“There’s no way we can do it”, he said with a sigh, brushing back his thinning hair and then resting his hand against his cheek, shaking his head in frustration. “We can’t make the business-case work: there’s no way round that damn great hole in the company-accounts. We’re screwed…”
It had seemed like a straightforward no-brainer of an EA task: discover, determine and decommission a whole bunch of long-outdated and known-to-be-redundant IT-systems, and save a huge heap of otherwise utterly-wasted money on unused licence-fees and the like. We’d been given the funds to find out what was really going on in the organisation’s IT-estate, and hence what we could safely cull. For the next stage, though, we were told we’d need to build a ‘proper business-case’: we’d need to be able to prove that what we’d save by switching things off would be significantly more than the cost of doing it. And that was where things came unstuck…
In fact, the business-case was obvious – or at least, obvious to anyone who’d actually looked at what we’d done. The potential savings in licence-fees alone ran into many millions of dollars a year – let alone the more subtle savings from re-using idle servers or freeing-up unneeded real-estate. By comparison, the costs were tiny: in some cases not much more than a few hours of paperwork, and overall perhaps a few staff-FTE for a few months at most.
But the sting in the tail was that requirement for proof, in terms of the organisation’s standard company-accounts. What we discovered, to our horror, was that the accounts themselves prevented us from doing so: the way those accounts were structured actually made it impossible to make almost any business-case at all for ever shutting anything down.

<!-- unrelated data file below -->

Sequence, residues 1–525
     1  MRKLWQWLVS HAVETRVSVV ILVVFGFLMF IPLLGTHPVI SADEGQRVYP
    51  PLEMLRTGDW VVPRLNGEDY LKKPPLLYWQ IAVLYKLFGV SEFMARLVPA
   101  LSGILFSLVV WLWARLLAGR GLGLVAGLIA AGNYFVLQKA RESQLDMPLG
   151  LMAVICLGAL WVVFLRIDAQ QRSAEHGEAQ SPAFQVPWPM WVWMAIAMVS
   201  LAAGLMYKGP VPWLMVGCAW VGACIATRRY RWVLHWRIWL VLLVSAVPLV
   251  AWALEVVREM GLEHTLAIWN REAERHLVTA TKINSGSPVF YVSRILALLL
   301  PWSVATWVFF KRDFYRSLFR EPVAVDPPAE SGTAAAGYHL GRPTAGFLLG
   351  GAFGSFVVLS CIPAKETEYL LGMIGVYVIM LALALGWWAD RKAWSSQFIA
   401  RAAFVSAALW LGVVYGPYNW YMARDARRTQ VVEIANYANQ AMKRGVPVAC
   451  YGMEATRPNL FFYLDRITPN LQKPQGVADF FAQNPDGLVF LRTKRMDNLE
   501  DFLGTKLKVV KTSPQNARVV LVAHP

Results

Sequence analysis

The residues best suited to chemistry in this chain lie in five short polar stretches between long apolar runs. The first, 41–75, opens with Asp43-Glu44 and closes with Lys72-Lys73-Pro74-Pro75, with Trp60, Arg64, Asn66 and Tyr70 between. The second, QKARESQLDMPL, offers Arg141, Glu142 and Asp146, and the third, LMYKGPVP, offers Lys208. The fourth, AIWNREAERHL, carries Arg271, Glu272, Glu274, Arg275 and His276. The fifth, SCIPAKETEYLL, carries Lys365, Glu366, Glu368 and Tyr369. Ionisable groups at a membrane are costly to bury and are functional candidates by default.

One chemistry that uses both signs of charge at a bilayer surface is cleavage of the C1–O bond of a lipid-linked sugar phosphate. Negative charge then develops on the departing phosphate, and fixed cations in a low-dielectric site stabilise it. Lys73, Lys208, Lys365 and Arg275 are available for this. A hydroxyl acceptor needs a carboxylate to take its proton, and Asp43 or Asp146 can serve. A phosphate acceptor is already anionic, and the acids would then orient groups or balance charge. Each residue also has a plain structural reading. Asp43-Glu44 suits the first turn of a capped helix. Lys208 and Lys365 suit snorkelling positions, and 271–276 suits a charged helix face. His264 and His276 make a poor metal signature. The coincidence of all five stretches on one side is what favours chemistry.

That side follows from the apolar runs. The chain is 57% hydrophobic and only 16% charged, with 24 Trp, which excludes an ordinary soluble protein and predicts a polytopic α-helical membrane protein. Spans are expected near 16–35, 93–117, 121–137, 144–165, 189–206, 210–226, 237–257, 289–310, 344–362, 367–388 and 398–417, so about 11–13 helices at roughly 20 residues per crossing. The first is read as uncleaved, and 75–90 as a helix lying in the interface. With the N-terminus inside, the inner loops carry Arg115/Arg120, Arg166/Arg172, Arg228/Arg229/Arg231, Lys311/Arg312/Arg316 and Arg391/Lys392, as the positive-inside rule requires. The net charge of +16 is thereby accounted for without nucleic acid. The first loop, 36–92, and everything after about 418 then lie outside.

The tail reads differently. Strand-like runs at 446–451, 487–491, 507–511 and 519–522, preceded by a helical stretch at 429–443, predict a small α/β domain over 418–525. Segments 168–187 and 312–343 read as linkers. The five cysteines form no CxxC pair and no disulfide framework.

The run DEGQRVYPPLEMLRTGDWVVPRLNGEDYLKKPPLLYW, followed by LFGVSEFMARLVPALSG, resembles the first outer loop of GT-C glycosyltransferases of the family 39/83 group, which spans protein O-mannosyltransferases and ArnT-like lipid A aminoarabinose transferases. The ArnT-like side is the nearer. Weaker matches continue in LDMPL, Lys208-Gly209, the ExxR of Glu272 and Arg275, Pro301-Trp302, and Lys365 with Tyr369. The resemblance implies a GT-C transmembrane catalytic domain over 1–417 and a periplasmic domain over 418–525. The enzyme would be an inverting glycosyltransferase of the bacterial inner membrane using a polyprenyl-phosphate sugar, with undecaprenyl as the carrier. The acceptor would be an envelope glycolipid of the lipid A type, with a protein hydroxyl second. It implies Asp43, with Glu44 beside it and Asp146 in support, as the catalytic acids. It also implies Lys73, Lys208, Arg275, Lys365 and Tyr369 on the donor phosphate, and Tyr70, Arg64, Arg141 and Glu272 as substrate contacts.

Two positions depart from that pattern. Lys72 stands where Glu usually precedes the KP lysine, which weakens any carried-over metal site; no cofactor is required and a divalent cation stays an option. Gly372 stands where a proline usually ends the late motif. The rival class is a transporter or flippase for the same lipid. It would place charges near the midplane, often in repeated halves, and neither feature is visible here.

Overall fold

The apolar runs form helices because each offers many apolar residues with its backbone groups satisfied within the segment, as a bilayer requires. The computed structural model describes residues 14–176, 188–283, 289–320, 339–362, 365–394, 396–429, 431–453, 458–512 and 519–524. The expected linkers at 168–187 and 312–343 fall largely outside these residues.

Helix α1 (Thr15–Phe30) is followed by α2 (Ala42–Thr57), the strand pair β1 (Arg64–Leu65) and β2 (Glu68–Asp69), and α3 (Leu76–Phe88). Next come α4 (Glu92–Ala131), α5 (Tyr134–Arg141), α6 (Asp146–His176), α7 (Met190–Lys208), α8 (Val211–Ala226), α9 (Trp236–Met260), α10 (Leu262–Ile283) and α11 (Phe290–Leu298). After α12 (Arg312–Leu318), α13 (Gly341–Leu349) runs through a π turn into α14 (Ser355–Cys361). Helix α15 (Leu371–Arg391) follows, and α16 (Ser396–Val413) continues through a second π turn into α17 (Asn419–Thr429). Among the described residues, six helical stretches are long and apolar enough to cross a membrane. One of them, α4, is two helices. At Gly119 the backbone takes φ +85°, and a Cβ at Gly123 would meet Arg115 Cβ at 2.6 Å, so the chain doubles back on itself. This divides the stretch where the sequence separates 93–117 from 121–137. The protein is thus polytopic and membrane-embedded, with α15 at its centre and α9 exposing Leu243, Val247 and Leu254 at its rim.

For the whole IT-estate, in essence the accounts-structure was this:
- six large systems listed as line-items, at tens to hundreds of millions of dollars each
- one line-item, labelled ‘Other’, for everything else, as an aggregate total of several hundred million dollars
That was it: no detailed-breakdown, no disaggregation, just that one line-item of ‘Other’.
Our work had shown that there was not much we could do with the big-six systems – the ones that had warranted their own line-item each. (Actually, there was, but we weren’t willing to risk it until we’d built enough trust on the smaller change-projects to get the executive to let us do it.) All of the savings that we’d identified and advised were in amongst the hundreds of ‘smaller’ applications and systems under the ‘Other’ category.
It took us a while to realise the extent to which we were trapped. Whatever we did, the costs of doing the work would show up in the accounts: every change-project had its own private line-item. But because there was no detailed breakdown for those ‘smaller’ systems, all of the savings would vanish into that all-consuming ‘Other’. The result: whichever way we framed it, we always ended up with what looked like a negative business-case – visible costs, invisible savings.
So yeah, we were screwed: no proof, so no further project.
But the blunt fact is that it wasn’t just us: the company was screwed. Screwed itself, more accurately: blocked itself out not just from one-off savings of many millions of dollars, but also from savings of millions of dollars every year from foregone software-licence and system-maintenance fees. That was almost a decade ago now, yet as far as I know, they’re still paying out those millions every year – for software and systems they don’t use, and some cases don’t even have any more.
No wonder their IT was so expensive, and no wonder the big IT-vendors so much loved the place: every time anything was added, it pretty much stayed that way forever, with huge ongoing costs, whether it was needed or not.